Article provided by Jon Sutton, Outdoor Empire
Getting today’s youth involved in hunting and the outdoors comes with a range of benefits. On an individual level, it teaches the young person lessons about persistence and taking on challenges. Hunting also encourages quality interpersonal time spent with friends and family, something that many kids lack these days. Finally, it is an enriching activity, good for the body and soul, which gets kids off the couch and out enjoying nature.
It is also good for the mentor or parent. Most people who are passionate about hunting or fishing learn quickly the joy of getting someone new into the sport, whether it is kids or fellow adults. For moms and dads that love hunting, raising kids that share that love almost guarantees being able to spend more time in the woods each year.
Outside of the individual benefits, each child that takes up hunting as a hobby improves the outlook of hunting for generations to come. To many people, hunting is a throwback that seems against the natural progression of our society and culture. Gun and hunting rights, as well as animal habitat and land access, will probably be challenged forever. The next generation of hunters will be required to defend those rights and opportunities, and adults today must help by introducing that generation to the sport.
First Hunt Requirements
Let’s assume the young hunter-to-be has already shown interest in hunting and spent some time in the woods. They have been shooting their pellet or bb gun and honed their shooting skills. Before moving onto setting up the first outing where they are hunting, here are some requirements to consider:
They meet minimum age requirements for your state and are properly certified (hunter education) and licensed.
Make sure they are competent with the weapon of choice
Discuss that being a hunter means taking the initial shot, humanely dispatching and then field dressing the animal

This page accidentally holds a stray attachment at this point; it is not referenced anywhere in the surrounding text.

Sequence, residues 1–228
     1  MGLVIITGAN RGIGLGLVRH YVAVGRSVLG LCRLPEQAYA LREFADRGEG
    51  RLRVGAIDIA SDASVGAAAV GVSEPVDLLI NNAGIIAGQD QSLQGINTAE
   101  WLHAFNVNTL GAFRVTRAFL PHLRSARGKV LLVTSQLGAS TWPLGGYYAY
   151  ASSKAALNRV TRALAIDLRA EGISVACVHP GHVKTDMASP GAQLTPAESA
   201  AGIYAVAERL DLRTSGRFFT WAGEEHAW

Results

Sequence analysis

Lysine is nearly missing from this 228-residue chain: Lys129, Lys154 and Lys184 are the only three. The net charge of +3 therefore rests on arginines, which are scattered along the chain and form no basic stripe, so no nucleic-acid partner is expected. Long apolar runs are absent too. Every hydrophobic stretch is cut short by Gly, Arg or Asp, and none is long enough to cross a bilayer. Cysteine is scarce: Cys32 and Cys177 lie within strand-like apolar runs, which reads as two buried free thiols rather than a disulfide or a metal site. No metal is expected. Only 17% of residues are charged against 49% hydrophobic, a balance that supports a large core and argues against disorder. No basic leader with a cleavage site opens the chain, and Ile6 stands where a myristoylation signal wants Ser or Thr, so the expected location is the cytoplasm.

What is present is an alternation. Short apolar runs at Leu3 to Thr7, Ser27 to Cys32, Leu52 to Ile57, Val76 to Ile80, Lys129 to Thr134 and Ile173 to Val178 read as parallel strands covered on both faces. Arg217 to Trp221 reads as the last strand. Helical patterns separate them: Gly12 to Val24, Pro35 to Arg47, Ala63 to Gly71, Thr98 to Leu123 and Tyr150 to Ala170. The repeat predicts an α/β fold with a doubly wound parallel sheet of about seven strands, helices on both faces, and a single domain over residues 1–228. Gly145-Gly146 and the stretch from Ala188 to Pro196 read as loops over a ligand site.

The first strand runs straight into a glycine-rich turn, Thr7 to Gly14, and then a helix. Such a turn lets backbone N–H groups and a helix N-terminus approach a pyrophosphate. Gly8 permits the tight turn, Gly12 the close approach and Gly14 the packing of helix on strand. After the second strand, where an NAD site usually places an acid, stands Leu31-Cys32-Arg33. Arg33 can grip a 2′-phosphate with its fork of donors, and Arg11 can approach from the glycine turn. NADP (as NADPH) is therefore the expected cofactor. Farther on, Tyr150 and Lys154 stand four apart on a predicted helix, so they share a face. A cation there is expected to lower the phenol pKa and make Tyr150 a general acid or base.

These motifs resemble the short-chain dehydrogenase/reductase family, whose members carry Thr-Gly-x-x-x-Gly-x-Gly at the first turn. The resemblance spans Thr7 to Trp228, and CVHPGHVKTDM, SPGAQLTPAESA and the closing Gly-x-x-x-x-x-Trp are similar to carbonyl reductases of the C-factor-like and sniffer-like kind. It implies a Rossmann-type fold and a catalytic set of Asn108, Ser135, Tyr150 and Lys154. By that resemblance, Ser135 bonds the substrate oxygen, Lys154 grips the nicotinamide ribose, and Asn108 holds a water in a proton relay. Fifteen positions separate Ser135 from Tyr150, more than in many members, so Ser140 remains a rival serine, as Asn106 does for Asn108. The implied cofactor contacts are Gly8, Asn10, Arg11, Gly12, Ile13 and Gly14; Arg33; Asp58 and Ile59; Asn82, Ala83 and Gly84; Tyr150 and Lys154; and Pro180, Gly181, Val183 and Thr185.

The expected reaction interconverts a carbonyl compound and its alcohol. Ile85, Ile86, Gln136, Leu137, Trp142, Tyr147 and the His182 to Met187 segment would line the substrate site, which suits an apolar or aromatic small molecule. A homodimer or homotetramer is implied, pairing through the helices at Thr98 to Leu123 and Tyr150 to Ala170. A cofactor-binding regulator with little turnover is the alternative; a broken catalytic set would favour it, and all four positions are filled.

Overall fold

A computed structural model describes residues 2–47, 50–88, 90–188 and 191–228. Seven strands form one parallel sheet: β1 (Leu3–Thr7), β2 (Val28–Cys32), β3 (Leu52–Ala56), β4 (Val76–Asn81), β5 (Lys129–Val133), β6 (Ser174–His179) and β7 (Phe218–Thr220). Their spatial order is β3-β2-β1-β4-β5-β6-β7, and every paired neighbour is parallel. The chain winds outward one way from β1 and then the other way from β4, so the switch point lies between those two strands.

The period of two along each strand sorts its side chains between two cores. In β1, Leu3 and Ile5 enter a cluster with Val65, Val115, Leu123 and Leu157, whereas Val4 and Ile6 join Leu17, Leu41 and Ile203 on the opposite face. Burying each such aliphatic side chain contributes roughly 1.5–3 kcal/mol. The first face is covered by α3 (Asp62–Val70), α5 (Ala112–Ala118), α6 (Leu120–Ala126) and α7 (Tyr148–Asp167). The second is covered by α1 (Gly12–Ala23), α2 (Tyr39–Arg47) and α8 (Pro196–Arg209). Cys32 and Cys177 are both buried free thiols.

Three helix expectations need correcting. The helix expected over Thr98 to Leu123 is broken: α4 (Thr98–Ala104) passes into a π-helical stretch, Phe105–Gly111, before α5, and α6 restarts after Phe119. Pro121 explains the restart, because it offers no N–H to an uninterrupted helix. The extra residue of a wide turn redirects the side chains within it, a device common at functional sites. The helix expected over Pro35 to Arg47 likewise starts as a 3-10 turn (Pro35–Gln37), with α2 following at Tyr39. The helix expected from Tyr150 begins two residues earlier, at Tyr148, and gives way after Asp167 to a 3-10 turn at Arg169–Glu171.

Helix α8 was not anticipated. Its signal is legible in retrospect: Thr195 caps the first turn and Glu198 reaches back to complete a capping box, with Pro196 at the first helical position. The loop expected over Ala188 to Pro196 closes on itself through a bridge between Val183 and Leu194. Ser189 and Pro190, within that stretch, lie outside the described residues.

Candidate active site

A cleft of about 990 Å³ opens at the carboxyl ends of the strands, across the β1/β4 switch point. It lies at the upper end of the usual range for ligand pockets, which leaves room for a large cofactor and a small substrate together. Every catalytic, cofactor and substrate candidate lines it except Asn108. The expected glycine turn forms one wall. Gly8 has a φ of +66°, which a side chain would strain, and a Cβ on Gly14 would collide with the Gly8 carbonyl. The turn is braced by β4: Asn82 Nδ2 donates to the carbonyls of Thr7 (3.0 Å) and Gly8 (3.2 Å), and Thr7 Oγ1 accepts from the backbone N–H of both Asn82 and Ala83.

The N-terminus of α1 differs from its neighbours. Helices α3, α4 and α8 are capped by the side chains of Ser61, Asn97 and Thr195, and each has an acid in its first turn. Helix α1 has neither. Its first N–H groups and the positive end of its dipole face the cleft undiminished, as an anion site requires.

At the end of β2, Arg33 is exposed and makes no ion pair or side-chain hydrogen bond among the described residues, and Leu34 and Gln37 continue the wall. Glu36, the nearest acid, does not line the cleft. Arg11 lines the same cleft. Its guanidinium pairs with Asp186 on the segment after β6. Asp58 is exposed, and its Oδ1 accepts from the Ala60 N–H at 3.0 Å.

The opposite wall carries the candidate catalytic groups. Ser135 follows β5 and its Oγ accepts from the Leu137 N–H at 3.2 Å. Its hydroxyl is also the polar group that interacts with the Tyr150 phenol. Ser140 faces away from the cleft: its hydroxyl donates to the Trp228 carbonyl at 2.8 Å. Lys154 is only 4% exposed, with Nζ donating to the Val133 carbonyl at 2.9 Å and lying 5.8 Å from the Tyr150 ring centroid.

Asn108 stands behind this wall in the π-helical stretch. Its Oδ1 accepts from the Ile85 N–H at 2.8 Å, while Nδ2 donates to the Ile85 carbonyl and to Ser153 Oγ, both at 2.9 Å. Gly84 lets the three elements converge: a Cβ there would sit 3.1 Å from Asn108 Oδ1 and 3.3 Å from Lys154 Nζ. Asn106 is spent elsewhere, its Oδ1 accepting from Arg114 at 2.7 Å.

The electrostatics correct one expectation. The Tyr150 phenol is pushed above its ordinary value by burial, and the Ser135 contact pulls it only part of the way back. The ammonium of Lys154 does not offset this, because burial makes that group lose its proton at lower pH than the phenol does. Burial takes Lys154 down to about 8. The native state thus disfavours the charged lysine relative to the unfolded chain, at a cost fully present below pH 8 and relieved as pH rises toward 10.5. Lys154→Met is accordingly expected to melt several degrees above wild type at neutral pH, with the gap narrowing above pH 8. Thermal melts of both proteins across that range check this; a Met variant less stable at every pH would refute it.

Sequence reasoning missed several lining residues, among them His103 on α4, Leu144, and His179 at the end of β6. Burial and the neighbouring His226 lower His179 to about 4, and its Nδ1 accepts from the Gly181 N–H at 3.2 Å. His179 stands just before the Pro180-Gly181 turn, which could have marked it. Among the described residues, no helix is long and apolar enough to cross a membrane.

Assure they not only understand the ethics of hunting but the rationale and safety behind the decisions they must make in the field
The First Hunt
If the child meets the legal requirements and you evaluate them as ready to become a gun or bow-toting hunter, it is time to plan and execute their first hunt. Here are some guidelines to making that hunt successful, even if it does not involve harvesting an animal:
Take advantage of youth hunting seasons: Youth seasons often offer better opportunity than adult seasons, and the adult is not worried about filling their own tag or shooting their own limit on those days.
Go when the weather is nice: Not many people love hunting in foul weather. Eventually, we may endure it for the love of the hunt or know that it helps our odds, but it may burn kids out quickly.
Pick a hunt where success is likely: Go on a hunt where there is a lot of action, like waterfowl or varmints, or a big game hunt where odds are good of a harvest, like a doe deer hunt.
Gear them up! Make sure they are dressed appropriately for the conditions so they are comfortable during the hunt. Give them a compass, two-way radio, binoculars, etc. Make them feel like a full-fledged hunter.
Pack snacks: Bringing food is a sure way to stretch the day out, which will increase chances of success.
Be patient: This is supposed to be fun for the kid. If the passion sticks, they will have their own nerves when they have that first animal in their sights. There is no need to impress your own stress in the moment, or take out frustrations on them after- either are sure ways to discourage your young hunter moving forward.
See more tips on Outdoor Empire.
After the Hunt
Be prepared that the hunt could go very well and the child could still not care for it. It may never be their thing, or they may come around to it years later. Let them know you are open to questions and discussion about how the hunt transpired. But with any luck, a positive initial hunt will be the first step to a lifetime of passion for the sport.